Monday, December 24, 2007

Call it the Royal "WeTube"

"Her Majesty never changes--she adapts," said a Buckingham Palace commenter on CNN this morning, in reference to Queen Elizabeth II's announcement of The Royal Channel on YouTube, from now on, the go-to location for all things royal.

Her Majesty's official site currently boasts a number of video clips, including her coronation and rare silent footage from the 1927 royal marriage of the queen's parents, the Duke of York (and future George VI) and Elizabeth Bowes-Lyon.

This year, the 81-year-old monarch will wed tradition with technology as her fiftieth annual Christmas broadcast will be viewable on The Royal Channel's YouTube url.

Happy Christmas to all!

Thursday, December 20, 2007

Well done, Your Majesty!

Not an affair to remember in the annals of British royal history -- but certainly a date to remember.

As of this morning, Queen Elizabeth II, who was born on April 21, 1926, has surpassed Queen Victoria as Britian's oldest reigning monarch. Victoria was 81 years, 7 months and 29 days old when she died on January 22, 1901. She had ruled for sixty-three years, seven months, and two days.

Elizabeth I

True, Victoria ruled for more years than Elizabeth II has (to date), and has an entire era named for her (the Elizabethan era is of course named for Elizabeth I (1533-1603), but her reigning majesty's milestone should be recognized nonetheless.

Elizabeth II ascended the throne on the death of her father, King George VI, on February 6, 1952. Since her mother lived to be 101, it's quite possible she may outlast her heir apparent, Prince Charles, who will turn 60 next November 14. And if Charles is still Prince of Wales on that date, he will have surpassed Queen Victoria's eldest son and heir, the future Edward VII, who was 59 years old when he finally became king.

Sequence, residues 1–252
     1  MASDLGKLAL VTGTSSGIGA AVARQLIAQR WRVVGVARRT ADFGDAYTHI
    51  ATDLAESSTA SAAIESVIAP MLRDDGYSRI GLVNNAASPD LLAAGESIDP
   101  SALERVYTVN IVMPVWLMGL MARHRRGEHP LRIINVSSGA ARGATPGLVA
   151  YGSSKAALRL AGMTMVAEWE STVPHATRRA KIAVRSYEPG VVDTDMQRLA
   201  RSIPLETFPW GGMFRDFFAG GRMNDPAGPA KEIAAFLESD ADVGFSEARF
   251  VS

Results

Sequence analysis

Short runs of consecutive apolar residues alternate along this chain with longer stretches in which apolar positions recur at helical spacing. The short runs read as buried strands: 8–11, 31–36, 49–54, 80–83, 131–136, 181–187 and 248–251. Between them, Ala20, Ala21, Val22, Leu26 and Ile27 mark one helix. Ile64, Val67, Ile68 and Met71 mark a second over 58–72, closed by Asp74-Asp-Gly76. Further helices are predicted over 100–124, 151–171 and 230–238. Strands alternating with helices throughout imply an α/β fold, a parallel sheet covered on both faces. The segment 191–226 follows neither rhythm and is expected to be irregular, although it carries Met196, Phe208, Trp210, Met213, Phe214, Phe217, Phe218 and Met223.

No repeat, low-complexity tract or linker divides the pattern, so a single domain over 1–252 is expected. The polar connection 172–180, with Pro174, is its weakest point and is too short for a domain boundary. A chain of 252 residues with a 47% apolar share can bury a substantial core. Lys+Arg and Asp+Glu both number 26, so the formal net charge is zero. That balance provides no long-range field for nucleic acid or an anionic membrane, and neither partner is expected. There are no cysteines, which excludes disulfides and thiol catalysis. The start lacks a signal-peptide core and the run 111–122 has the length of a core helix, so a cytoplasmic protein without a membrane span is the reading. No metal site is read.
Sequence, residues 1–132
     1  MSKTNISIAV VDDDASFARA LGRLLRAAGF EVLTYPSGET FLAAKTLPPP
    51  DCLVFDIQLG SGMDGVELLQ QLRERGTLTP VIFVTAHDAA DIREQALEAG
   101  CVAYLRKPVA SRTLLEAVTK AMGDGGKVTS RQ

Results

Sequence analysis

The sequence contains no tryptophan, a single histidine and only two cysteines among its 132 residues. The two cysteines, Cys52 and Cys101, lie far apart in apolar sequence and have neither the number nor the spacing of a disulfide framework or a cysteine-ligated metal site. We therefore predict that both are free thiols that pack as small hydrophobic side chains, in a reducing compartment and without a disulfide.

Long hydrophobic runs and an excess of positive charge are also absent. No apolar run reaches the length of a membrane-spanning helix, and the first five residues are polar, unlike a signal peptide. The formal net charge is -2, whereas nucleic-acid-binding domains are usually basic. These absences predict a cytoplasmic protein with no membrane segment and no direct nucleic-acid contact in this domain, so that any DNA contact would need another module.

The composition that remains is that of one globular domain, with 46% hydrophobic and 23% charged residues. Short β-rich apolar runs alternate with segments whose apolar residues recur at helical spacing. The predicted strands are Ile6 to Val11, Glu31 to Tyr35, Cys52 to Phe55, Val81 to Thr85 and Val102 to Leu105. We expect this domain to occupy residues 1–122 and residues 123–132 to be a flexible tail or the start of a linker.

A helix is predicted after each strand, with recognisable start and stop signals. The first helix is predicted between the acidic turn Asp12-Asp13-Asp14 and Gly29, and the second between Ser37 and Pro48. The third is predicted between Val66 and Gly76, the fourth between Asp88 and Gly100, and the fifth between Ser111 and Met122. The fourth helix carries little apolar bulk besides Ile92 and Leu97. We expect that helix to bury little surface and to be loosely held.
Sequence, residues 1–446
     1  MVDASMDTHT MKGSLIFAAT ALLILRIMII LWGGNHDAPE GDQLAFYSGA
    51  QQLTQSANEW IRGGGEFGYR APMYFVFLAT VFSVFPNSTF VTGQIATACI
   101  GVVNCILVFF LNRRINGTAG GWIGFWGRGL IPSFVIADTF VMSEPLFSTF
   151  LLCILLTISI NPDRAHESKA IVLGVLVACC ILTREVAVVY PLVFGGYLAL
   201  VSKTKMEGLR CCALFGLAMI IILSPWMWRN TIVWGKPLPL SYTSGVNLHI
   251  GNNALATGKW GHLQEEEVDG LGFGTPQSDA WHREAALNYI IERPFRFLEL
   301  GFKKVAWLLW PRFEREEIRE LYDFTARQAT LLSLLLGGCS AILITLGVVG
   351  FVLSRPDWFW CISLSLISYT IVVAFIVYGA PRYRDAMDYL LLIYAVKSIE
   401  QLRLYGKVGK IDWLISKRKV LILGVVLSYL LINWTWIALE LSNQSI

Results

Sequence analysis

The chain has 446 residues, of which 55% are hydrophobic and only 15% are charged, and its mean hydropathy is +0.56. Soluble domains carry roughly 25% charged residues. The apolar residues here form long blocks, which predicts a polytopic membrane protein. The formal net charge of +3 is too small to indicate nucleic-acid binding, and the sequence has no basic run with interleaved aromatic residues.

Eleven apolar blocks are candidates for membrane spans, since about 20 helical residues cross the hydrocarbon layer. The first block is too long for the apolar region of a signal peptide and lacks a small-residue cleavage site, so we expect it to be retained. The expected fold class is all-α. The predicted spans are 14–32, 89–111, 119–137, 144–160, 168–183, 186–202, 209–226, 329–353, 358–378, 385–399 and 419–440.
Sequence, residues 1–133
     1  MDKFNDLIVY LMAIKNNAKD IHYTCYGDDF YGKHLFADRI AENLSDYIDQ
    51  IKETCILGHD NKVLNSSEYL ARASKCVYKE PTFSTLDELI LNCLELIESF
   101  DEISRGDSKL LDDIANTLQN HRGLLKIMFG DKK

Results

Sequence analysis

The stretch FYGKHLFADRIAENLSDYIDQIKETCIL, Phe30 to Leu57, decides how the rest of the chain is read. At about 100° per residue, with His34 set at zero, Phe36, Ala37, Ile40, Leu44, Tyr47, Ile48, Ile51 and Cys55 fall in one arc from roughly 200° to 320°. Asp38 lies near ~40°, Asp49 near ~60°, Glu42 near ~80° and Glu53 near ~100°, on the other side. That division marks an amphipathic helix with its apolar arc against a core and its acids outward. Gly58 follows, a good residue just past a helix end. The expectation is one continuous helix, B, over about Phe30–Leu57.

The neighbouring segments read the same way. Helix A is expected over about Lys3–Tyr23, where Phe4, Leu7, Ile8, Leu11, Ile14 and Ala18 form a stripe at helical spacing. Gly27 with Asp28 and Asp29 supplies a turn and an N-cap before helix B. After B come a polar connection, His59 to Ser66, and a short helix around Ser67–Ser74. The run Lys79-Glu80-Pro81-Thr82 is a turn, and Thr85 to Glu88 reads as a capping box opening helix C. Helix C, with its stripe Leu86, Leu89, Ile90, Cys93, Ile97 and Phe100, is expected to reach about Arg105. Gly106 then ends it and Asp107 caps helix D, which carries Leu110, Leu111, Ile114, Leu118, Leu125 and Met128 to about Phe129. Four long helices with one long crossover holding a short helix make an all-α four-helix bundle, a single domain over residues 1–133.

Since the Norman Conquest in 1066, there have only been a handful of queens regnant (queens who rule in their own right, as opposed to being the consort of a king--a "queen-consort" through her marriage to him).

The Execution of Lady Jane Grey (1833) by 19th c. French romantic painter Paul Delaroche

The teenage Lady Jane Grey (known as the "Nine Days' Queen") was never crowned, but ostensibly ruled England in the brief window of time between July 10-19, 1553, as the puppet of a conspiracy to keep a Protestant on the throne and prevent the Catholic Mary, the daughter of Henry VIII and Katherine of Aragon, from ascending the throne. The hapless Jane Grey, the granddaughter of Henry VIII's younger sister, Mary Tudor, was judicially executed within the precincts of the Tower of London on April 12, 1554.

Mary I

Elizabeth I's older half-sister, Mary, ruled England as Mary I from 1553-1558. Mary earned her nickname "Bloody Mary" for the numerous executions of Protestants. carried out in her name.

Elizabeth I acceeded to the throne on Mary's death, and it was not until 1689, after the successful "Glorious Revolution" of 1688 led to James II's abandonment of his throne and the coronation of William III of Orange and his wife, Mary Stuart (James II's elder daughter) that England saw a regnant queen once more. William and Mary (she was Mary II) ruled jointly, although they had both taken a parliamentary oath swearing that William would be the primary ruler.

Mary II

However, William was a warrior-king and during the spring and summer months when he was out of the country on military campaigns, Mary was fully in charge of the kingdom and rose to the occasion. She died in 1694 and William continued to rule alone until his death in 1702.

Queen Anne

William's successor was his wife's younger sister, Anne, under whose reign England and Scotland were united, thereby becoming the first monarch of Great Britain.

After Anne, there was not another regnant queen until the barely eighteen-year-old Victoria acceded to the throne in 1837, on the death of her uncle, William IV.

So, here's to Queen Elizabeth II, the second longest serving head of state in the world after King Bhumibol of Thailand. Her reign has seen 11 prime ministers, starting with Sir Winston Churchill. Long may she reign over us (well, them). God save the queen.

Thursday, December 13, 2007

The High Cost of Being Camilla